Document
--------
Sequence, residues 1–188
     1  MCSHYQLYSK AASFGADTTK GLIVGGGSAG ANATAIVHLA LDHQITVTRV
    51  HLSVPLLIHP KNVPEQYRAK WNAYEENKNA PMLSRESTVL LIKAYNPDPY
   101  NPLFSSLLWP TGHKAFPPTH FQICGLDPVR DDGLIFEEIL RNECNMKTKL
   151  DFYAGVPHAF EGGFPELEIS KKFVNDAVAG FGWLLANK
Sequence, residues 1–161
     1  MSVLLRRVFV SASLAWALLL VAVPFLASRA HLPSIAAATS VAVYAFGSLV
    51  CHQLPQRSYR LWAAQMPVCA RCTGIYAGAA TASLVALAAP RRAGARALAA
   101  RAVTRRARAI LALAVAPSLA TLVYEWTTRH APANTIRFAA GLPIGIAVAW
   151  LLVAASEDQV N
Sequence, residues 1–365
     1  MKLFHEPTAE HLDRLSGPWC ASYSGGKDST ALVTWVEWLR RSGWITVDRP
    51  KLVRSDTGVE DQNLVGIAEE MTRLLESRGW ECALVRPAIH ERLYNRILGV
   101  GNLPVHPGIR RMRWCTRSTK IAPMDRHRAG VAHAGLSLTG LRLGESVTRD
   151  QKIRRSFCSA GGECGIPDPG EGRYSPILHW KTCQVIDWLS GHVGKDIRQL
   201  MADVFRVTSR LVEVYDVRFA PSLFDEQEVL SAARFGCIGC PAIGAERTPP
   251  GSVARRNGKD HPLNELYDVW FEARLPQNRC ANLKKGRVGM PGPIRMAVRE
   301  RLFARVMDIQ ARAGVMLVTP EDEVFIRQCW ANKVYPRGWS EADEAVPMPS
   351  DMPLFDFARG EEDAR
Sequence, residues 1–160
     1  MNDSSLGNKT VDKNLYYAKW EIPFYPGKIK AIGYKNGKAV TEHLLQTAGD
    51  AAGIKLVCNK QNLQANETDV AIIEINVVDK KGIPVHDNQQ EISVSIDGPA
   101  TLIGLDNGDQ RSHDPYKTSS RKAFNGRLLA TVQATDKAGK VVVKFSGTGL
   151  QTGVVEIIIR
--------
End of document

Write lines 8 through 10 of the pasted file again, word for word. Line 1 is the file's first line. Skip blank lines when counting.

    51  CHQLPQRSYR LWAAQMPVCA RCTGIYAGAA TASLVALAAP RRAGARALAA
   101  RAVTRRARAI LALAVAPSLA TLVYEWTTRH APANTIRFAA GLPIGIAVAW
   151  LLVAASEDQV N